Just Press Replay

I think it's time we talk about video games. I wouldn’t want you to believe that all I think about are tabletop RPGs, now would I? This week's topic forks off my article about turn-based RPGs and also the one about hitting a system lull for tabletop RPGs.

So you may wonder ... there's a common factor? GLAD YOU ASKED!

Take me as an example, turn-based RPGs and Pathfinder/3.5/D&D are things I know I will always eventually come back to. Why? I don’t know. I DON'T KNOW!

Why do we gamers feel compelled to play some games over and over and over and over again? Let's investigate!

We all got a case of nostalgia!

I really want to get this out of the way as quick as possible.


A lot of people will chalk replaying games (or rereading books, or rewatching movies) SOLELY to nostalgia. Let’s assume, for the sake of the argument, that you don’t know what this means. Let’s ask the Merriam-Webster!

1: the state of being homesick : HOMESICKNESS
2: a wistful or excessively sentimental yearning for return to or of some past period or irrecoverable condition
also: something that evokes nostalgia

Ignoring that circular definition … it’s not entirely wrong. It’d be easy to scoff off homesickness with some “WELL! GAMES AREN’T A HOME!” but is that accurate?

Aren’t they though? How would one define what a home is? Someplace safe, comfortable? A shelter from the hectic outer world? A place where you belong?

There are games I spent so much time playing that they do feel like a “home away from home.” (Looking at you Dragon Age …)


It’s true that a lot of us have a rose-coloured-nostalgia-filtered when looking at games we played when we were young. I don’t know for you guys, but I’ve grown pretty old and I’ve now bills and housekeeping, and some even have *shudders* children. It’s not that surprising we replay some games to relive feelings for carefreeness and evasion. It's like returning home to a better time.

That’s a pretty appealing argument in favor of nostalgia as the main motivating factor of returning to game we’ve played a long time ago. But as I start a second Assassin’s Creed Odyssey or Fallout 4 playthrough less than six months after finishing my first, I can’t help but wonder … am I really nostalgic of my life less than a year ago? And, drum-roll please, the answer is a big …

Fat ...


It would be simplistic to say “I replay a video game because it brings back memories of how great and simple my life was before.”

I sure fucking hope I’m not the only one who sees other reason to replay a game! (Who am I kidding, if I were, no one would be evaluating the ‘replay value’ of most/all new games, amirite?)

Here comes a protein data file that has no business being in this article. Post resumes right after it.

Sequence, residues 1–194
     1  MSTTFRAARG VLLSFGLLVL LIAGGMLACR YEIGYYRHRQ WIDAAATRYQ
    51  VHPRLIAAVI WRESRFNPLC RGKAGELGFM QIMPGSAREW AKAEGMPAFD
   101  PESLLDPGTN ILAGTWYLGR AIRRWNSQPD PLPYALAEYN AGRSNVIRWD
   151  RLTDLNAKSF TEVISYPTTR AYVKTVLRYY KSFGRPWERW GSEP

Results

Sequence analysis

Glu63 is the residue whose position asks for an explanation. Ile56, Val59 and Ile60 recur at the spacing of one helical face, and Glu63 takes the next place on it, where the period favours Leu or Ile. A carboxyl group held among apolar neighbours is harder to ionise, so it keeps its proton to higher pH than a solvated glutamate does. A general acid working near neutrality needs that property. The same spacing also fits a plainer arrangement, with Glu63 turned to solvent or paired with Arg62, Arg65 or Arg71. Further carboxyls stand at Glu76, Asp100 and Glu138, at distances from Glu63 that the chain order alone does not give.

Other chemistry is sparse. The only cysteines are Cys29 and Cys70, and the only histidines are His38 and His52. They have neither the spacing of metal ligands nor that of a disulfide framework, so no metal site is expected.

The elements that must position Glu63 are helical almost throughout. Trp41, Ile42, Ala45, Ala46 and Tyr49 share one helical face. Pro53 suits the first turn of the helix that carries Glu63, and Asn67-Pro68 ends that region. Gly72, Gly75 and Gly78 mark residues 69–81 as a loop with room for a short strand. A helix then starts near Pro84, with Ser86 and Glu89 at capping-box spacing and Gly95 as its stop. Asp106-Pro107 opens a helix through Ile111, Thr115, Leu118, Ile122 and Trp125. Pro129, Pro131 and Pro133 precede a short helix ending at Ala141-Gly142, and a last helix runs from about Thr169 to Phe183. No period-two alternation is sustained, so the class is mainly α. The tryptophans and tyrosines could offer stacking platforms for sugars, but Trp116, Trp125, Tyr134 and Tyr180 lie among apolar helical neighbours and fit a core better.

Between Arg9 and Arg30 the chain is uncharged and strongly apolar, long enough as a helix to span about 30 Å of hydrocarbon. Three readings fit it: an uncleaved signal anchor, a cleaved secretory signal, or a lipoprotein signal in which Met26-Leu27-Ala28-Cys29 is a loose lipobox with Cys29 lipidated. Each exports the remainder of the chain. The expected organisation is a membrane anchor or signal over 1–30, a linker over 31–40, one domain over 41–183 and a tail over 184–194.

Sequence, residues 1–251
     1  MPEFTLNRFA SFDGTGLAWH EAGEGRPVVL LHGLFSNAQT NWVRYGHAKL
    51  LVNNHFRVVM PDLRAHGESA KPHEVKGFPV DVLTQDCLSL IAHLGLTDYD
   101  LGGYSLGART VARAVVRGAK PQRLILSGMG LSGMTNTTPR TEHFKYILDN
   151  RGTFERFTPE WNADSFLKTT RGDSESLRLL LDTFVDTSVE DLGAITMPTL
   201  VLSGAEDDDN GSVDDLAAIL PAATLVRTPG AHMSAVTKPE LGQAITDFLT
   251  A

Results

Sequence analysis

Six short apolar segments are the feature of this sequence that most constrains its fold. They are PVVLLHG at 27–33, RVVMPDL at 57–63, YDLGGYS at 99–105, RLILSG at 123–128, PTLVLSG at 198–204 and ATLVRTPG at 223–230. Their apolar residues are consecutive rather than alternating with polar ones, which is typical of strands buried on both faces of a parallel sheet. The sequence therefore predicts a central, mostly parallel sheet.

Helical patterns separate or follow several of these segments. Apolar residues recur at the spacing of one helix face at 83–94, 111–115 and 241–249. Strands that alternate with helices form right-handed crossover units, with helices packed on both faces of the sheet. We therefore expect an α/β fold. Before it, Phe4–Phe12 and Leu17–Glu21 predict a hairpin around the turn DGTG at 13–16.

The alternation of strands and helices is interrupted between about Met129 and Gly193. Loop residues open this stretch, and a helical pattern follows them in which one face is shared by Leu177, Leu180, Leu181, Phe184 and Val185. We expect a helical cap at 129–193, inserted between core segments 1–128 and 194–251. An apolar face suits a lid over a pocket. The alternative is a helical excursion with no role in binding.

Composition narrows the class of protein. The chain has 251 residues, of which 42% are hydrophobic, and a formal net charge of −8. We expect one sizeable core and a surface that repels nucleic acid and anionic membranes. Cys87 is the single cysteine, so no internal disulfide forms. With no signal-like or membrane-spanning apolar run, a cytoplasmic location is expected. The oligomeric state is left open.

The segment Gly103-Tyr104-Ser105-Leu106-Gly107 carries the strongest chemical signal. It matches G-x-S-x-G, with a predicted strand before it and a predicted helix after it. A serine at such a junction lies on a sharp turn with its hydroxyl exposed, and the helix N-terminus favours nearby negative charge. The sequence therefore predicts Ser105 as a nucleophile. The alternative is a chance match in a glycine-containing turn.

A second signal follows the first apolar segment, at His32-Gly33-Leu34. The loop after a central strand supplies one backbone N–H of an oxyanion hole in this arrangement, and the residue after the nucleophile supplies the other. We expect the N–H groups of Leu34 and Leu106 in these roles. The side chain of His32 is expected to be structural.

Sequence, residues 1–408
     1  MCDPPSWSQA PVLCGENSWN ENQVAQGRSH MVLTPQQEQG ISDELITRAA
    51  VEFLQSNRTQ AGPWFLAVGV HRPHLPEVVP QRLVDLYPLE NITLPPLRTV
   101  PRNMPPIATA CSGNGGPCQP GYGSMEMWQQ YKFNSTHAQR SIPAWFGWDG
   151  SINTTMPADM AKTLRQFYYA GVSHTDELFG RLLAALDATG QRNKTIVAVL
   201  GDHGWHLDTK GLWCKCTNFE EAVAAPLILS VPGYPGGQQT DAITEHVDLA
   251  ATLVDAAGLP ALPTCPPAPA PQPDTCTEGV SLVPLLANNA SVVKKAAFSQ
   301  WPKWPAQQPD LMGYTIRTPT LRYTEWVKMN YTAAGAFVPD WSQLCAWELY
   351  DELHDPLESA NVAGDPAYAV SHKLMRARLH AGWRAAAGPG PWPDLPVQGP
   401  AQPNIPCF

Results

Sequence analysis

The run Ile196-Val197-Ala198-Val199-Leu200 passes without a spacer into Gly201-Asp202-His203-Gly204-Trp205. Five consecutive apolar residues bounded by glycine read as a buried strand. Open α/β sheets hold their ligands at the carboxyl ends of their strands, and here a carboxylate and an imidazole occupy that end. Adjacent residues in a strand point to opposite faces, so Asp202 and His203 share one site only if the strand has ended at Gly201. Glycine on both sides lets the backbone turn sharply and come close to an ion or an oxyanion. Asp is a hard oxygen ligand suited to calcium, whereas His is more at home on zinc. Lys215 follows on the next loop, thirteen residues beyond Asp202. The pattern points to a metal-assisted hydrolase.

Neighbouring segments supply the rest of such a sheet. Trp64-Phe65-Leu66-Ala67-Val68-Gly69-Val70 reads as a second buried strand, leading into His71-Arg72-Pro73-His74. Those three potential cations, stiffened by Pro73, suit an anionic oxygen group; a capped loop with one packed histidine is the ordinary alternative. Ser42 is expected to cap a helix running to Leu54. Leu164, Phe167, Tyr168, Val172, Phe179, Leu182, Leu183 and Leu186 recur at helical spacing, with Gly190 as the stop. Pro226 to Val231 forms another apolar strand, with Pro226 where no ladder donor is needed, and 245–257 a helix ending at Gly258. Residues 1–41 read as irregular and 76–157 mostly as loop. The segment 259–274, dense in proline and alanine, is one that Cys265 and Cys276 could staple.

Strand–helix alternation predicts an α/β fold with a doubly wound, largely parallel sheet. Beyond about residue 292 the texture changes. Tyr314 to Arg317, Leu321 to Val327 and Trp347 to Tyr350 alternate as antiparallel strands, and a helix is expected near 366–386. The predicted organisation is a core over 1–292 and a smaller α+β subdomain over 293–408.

Tune in to the (re)discovery channel!

In lore- or mechanic-heavy games are concerned, it feels like there’s always something new to discover.

Perhaps I had not noticed this one dialogue because it was between two important scenes and I was skimming at that point, or maybe I didn’t notice something in the background. I may have just stopped reading the damn in-game books after 20 or so of them because I wanted to kill Draugr (just an example off the top of my head). I could have decided to keep side content for another playthrough because I just wanted to get to the end of the game for now.

There are plenty of reason why we may miss, willingly or not, lore the first time. Finishing a game also gives us a new perspective on the content of the game itself. By knowing the end of a game, or the more subtle details of the universe, you can try to figure out how the protagonists may have known, or not, what they could have done different, etc. Knowing more about a game, its lore, and its ending, may give a whole other interpretation to a host of dialogues throughout the game, even in the first scenes.

Knowledge of the game, however, is not the only factor influencing how you perceive a game and its content, mechanics or otherwise.

For one, you may have grown older and smarter, learnt to enjoy other aspects of a game. Where you are in your life and the challenges surpassed as individuals or as a society also shape your perception of a game, its story, its character, its mechanics, its values …

When I played FFVII the first time, I was kind of young, it was kind of one of my first RPGs, English was kind of not my first language (still isn’t I guess -- but I wasn’t very good), I also didn’t have a great grasp on politics and environment and general human cruelty … I was a kid for fuck’s sake! I just didn’t have those concerns! What I cared about was "Did I forget to put my bike inside?"


When I played it again, a few years later, some lights flickered in my brain and I was like “Ooooooh… so I’ve totally missed the whole eco-terrorist thing…”

That’s super true for games played as kids or teenagers, but it can also be true for games played as adults. Your values and interests are sure as shit not static. Depending on the mood you’re in, or just where you are at in your life, you’ll focus on different aspects of a game, and see different things.

Down the mechs abyss

I’m not saying ALL GAMES have super complex mechanics, but usually games will have lore or mechanics aplenty. Ok, some types of games are more focused on challenges (like Tetris has virtually no lore, pretty simple mechanics, yet … super replayable) but that's not what I'm talking about here.